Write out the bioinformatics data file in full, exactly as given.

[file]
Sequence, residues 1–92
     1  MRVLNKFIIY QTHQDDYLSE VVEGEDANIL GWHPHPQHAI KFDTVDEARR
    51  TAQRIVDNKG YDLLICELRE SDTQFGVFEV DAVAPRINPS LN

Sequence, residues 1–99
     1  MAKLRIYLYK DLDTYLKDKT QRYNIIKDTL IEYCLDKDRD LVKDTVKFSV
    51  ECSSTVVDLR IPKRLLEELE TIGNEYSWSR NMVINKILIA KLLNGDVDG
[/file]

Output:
Sequence, residues 1–92
     1  MRVLNKFIIY QTHQDDYLSE VVEGEDANIL GWHPHPQHAI KFDTVDEARR
    51  TAQRIVDNKG YDLLICELRE SDTQFGVFEV DAVAPRINPS LN

Sequence, residues 1–99
     1  MAKLRIYLYK DLDTYLKDKT QRYNIIKDTL IEYCLDKDRD LVKDTVKFSV
    51  ECSSTVVDLR IPKRLLEELE TIGNEYSWSR NMVINKILIA KLLNGDVDG